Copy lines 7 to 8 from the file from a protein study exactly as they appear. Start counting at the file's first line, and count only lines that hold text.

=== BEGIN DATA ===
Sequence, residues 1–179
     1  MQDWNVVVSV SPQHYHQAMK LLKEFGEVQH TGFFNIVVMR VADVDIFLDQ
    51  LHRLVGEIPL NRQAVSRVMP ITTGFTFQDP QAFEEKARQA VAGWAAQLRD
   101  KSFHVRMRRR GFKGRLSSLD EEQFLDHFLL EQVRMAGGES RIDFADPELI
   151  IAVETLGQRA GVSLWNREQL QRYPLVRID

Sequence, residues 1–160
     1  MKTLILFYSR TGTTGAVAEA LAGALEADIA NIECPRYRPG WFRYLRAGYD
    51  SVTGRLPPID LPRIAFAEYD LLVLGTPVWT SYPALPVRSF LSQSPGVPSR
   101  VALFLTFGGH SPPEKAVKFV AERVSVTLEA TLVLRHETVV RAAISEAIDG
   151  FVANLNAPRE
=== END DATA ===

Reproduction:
     1  MKTLILFYSR TGTTGAVAEA LAGALEADIA NIECPRYRPG WFRYLRAGYD
    51  SVTGRLPPID LPRIAFAEYD LLVLGTPVWT SYPALPVRSF LSQSPGVPSR